In the most basic sense, Psychoanalysis is the theory of the mind. It seeks to understand how human consciousness works and alleviate suffering by bringing motivations and thoughts from the unconscious mind to the conscious. Psychoanalysis, therefore, provides relief through insight and understanding. This allows a person to deal with the underlying issues that are causing the symptoms, as opposed to tackling the symptoms themselves. Depression, Anxiety, and other symptoms can be caused by hidden disturbances, these disturbances could be related to a traumatic event that a person has repressed, or even by unresolved issues.
Human defense mechanisms protect the conscious mind from disturbing memories, thoughts, and feelings. One such defense mechanism is “Repression” where disturbing memories are banished to the unconscious mind. Although banished, these memories are not resolved and can continue to create feelings of anxiety. Another defense mechanism is “Displacement”, this mechanism is usually employed to redirect aggressive impulses from a person who holds a form of authority over you (such as your employer or supervisor) to a target who is powerless to stand up to your aggression. For example, a person who feels they are being treated unfairly at work may take it out on their partner when they get home.
Psychoanalysis works by allowing a person to understand why they are feeling a particular way, or behaving in a certain manner towards another person. It is not hard to imagine the problems that redirected aggression could cause within a family, but consider that defense mechanisms are a non-voluntary response and that they are not controlled by our conscious mind, symptoms, therefore, occur without our conscious mind becoming aware of the underlying causation.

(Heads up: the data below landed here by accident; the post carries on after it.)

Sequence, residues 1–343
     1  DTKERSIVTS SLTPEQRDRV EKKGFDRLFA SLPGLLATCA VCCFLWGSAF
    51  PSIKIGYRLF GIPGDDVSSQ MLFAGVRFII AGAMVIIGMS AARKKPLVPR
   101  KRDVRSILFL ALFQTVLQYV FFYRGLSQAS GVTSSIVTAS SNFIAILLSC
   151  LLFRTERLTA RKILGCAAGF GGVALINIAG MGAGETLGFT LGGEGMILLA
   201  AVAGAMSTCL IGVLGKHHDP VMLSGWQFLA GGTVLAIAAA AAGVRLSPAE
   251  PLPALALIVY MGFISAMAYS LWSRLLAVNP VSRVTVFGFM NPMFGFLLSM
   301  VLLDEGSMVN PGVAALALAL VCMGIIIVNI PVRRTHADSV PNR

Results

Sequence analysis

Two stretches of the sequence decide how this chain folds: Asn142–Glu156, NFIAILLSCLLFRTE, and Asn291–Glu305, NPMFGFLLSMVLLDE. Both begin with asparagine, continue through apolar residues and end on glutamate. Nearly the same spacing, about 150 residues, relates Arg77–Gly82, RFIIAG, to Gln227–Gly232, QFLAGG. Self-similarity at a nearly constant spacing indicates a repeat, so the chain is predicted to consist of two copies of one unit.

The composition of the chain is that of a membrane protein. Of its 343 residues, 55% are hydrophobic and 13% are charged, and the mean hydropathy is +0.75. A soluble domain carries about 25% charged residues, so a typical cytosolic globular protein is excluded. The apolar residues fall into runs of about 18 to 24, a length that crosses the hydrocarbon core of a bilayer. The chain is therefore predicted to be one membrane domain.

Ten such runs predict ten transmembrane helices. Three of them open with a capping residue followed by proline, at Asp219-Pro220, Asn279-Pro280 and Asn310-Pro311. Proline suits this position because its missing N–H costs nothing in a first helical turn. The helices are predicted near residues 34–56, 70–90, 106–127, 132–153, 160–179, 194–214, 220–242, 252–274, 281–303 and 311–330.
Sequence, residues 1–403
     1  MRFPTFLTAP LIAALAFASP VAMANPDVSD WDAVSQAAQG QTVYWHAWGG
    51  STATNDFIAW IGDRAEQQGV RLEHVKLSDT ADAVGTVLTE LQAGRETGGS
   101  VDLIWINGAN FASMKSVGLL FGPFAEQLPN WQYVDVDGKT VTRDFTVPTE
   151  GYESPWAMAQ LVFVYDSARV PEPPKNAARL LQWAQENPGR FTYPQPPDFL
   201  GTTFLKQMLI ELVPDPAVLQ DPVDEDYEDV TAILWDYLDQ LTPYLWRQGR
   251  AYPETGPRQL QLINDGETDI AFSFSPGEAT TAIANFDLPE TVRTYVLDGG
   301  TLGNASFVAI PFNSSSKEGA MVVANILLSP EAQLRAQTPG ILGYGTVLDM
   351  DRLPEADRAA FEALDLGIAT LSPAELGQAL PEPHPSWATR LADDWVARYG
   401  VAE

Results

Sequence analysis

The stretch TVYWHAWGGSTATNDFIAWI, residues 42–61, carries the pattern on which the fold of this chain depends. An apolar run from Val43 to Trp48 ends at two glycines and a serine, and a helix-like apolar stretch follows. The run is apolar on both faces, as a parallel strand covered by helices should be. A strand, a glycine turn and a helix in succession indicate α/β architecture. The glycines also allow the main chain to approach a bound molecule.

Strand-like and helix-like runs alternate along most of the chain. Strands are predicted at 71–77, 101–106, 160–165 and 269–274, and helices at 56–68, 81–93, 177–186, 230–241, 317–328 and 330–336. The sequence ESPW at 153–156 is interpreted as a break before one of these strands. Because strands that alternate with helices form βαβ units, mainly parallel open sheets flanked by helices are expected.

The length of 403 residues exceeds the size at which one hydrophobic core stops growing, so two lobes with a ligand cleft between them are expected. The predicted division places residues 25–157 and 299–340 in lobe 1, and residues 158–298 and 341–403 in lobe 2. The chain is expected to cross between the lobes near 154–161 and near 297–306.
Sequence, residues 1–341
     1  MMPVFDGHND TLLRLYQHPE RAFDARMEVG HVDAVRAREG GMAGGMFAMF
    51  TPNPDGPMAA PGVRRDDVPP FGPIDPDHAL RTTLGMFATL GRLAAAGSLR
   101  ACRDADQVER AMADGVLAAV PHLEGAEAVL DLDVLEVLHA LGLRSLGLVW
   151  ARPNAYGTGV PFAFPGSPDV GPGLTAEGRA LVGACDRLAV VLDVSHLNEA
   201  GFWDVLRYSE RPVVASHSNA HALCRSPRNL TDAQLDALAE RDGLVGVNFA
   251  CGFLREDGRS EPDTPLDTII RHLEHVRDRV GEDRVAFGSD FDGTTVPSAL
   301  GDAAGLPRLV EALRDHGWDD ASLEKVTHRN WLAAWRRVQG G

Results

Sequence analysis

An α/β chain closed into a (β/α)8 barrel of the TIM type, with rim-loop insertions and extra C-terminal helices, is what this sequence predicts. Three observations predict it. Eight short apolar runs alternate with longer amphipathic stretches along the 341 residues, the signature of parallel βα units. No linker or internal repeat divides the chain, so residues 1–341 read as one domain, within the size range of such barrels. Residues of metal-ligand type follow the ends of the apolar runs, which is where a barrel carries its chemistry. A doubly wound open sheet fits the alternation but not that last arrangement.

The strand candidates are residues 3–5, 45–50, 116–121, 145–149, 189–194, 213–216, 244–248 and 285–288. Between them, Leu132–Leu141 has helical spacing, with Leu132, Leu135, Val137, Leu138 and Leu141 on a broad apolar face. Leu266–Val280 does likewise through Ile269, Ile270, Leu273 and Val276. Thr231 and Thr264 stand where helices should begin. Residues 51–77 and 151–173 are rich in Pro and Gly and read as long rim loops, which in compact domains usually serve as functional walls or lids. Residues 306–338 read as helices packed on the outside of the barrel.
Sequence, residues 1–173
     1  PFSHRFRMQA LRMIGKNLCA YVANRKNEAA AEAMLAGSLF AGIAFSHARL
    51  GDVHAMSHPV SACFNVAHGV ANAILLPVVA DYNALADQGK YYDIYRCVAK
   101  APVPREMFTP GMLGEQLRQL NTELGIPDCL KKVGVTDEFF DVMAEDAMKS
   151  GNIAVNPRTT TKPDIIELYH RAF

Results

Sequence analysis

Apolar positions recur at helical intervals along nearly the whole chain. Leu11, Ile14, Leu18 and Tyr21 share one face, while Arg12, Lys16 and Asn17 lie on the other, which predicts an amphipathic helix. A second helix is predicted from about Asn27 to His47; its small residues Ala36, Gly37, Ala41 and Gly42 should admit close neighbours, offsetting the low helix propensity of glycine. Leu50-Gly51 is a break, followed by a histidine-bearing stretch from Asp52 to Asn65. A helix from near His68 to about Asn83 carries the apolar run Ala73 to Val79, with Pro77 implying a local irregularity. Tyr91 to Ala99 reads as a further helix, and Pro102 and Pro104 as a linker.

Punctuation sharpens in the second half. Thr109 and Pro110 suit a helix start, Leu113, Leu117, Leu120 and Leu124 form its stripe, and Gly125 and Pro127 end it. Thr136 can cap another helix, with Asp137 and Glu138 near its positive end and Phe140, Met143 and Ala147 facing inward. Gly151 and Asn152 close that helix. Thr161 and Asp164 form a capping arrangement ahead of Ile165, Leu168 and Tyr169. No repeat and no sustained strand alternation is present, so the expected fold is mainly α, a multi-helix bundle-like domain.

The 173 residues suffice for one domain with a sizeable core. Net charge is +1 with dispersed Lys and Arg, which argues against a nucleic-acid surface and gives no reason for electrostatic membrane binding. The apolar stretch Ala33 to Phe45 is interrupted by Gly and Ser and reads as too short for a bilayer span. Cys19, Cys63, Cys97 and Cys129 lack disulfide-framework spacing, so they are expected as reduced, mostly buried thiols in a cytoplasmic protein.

The Psychoanalytical Process
Rather than seeking to relieve symptoms, psychoanalysis seeks to address causation, and identify the underlying conflict. Psychoanalysts will generally avoid disclosing any information about themselves since doing so could create barriers which hinder the psychoanalytical process. Psychoanalysis is by no means a “quick fix”, and can often involve hundreds of sessions over a number of years. Because the unconscious mind is largely inaccessible, psychoanalysts utilize a number of techniques to encourage insight regarding underlying causation.
Psychoanalysts utilize a number of techniques in order to gain insight into the unconscious mind, including “Free Association”. This technique involves the psychoanalyst saying a word, and the patient responding with whatever the phrase brought to mind. Often the process provides an indication of repressed memories, and reluctance to respond often signals that the analyst is probing close to a repressed idea. The success of this technique is, however, wholly dependent on the client providing open responses.
Another technique used by psychoanalysts is Rorschach inkblots, the client is shown a series of ambiguous shapes or patterns and asked to respond as to what they see. This technique is often referred to as a projective test, because since the pattern being shown is ambiguous, and the imagination facilitates communication between the conscious and unconscious mind; any interpretation of its shape must, therefore, by definition, be projected from the unconscious mind.